Here’s a noble enterprise, a classic of the African American canon in August Wilson’s play, respectfully and faithfully put on the big screen for ever and garlanded by some defining performances.
Denzel Washington, who starred in the recent adaptation of Wilson’s Fences, produces here and his co-star Viola Davis takes centre stage as Ma Rainey, the Blues singer in Chicago to record an album with her band. One of these members is Chadwick Boseman, the young trumpeter Levee, who has his own ideas on how to play the blues. Ma wants it her way, or no way. Like her trusty band leader Cutler says every take: One, two, you know what to do…
Boseman is great to watch in his final screen performance, all bared teeth and bruised soul and shiny yellow shoes, a live wire act that might be the definitive reading of this great black part. Davis is a heavy weight Ma, all sweaty and diva-like, flaunting her fame and her sexuality and taking on the avaricious record producers who would exploit yet another black act for their own gain.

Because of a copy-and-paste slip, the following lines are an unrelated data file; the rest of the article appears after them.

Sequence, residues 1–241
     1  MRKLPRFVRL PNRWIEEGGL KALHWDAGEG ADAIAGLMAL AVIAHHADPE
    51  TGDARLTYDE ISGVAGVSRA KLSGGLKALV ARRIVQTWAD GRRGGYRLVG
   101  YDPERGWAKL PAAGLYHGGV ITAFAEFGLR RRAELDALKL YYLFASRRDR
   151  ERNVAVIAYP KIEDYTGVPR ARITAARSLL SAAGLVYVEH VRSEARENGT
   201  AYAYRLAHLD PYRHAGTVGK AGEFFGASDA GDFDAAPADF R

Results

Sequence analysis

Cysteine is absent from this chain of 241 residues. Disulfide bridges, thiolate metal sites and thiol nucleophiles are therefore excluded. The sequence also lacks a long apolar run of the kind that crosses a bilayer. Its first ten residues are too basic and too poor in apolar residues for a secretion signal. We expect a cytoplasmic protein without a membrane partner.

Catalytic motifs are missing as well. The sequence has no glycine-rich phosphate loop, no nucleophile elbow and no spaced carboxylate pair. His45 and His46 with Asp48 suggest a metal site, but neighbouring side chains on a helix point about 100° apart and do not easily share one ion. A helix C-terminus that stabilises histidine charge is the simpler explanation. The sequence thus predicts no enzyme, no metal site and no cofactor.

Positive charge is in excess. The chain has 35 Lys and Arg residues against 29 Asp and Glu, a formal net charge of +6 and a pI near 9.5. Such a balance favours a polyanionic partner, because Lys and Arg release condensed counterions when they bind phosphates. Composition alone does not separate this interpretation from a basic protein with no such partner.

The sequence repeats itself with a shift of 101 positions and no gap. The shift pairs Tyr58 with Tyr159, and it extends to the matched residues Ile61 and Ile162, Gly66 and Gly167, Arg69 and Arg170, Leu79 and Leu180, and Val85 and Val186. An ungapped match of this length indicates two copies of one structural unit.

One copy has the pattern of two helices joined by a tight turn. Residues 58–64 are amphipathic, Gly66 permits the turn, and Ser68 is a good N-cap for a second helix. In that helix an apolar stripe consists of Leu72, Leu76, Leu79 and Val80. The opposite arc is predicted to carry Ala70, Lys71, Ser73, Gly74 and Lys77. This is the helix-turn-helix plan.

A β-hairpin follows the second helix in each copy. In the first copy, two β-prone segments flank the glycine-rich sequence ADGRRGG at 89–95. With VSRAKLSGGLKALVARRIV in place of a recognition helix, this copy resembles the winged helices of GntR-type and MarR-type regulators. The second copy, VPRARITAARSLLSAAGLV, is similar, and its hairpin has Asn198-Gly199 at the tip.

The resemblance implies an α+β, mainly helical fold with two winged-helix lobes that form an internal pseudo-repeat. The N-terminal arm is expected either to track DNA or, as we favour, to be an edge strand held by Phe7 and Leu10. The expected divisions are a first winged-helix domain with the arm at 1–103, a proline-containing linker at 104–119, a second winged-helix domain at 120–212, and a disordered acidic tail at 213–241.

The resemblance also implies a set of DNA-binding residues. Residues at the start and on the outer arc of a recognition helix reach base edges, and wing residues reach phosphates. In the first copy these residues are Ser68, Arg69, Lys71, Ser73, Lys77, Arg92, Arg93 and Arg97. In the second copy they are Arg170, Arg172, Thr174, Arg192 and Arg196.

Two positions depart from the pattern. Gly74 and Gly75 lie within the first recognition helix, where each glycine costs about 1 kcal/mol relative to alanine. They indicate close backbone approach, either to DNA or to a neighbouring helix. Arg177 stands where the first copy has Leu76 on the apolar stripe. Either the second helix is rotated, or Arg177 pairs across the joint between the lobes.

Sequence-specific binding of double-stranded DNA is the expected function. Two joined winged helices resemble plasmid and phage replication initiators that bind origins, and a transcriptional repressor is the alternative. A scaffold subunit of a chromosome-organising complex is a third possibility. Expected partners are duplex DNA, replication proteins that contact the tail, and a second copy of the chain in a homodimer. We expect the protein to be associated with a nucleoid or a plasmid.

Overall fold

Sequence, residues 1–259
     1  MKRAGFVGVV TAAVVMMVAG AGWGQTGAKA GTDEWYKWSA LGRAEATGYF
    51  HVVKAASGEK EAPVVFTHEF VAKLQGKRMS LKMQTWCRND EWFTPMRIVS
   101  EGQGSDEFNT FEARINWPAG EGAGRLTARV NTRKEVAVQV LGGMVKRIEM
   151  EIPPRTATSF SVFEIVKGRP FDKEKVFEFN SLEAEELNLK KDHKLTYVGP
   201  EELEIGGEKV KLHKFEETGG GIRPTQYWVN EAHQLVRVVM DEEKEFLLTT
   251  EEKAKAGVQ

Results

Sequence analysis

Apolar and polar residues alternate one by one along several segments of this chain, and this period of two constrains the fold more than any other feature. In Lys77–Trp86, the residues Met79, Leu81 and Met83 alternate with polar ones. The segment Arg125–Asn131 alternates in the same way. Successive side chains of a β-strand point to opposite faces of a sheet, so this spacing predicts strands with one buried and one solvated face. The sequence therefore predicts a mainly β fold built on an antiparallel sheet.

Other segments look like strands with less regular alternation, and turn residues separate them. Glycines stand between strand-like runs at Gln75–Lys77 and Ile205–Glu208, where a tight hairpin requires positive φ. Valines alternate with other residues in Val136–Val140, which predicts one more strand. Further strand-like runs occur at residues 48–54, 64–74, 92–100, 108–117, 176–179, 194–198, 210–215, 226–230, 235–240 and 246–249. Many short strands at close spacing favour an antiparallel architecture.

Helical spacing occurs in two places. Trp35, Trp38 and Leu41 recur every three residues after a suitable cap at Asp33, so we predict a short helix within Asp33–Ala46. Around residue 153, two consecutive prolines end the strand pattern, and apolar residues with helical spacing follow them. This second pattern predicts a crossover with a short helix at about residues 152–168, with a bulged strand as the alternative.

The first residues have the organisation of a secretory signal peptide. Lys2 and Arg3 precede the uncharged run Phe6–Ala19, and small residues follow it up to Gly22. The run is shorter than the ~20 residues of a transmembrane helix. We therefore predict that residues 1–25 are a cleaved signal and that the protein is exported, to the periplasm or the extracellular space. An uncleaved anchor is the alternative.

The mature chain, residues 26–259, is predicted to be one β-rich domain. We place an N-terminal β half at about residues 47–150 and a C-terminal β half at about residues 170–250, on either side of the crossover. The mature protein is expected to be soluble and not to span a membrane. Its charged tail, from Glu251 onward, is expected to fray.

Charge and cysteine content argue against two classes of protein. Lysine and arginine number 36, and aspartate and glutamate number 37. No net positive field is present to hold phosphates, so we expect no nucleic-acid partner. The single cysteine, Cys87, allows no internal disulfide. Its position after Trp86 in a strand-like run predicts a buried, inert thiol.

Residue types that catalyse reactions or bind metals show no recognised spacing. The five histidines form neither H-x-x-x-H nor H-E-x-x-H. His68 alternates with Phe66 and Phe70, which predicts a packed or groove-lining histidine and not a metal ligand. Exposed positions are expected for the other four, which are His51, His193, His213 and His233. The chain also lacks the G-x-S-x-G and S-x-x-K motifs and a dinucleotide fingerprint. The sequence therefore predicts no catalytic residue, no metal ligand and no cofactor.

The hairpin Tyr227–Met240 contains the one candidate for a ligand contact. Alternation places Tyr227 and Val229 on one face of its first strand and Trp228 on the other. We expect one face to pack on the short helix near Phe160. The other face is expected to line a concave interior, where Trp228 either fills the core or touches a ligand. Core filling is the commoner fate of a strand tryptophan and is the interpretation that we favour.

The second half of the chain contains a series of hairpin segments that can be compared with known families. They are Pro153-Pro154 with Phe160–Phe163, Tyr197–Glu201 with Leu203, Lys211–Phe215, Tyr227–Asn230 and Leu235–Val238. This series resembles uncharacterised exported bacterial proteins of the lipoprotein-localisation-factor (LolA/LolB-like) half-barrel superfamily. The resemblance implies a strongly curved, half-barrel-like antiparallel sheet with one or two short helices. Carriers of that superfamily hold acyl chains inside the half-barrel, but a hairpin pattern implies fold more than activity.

I can’t deny there’s a theatricality to this – much of it takes place in a couple of rooms – but that’s the point, to put Wilson’s play up there for all to see and they’ve made a must-see job of it – a wonderful, classic play that very much needed committing to film, this version is beautifully done, conducted with style, and graced with note-perfect performances.
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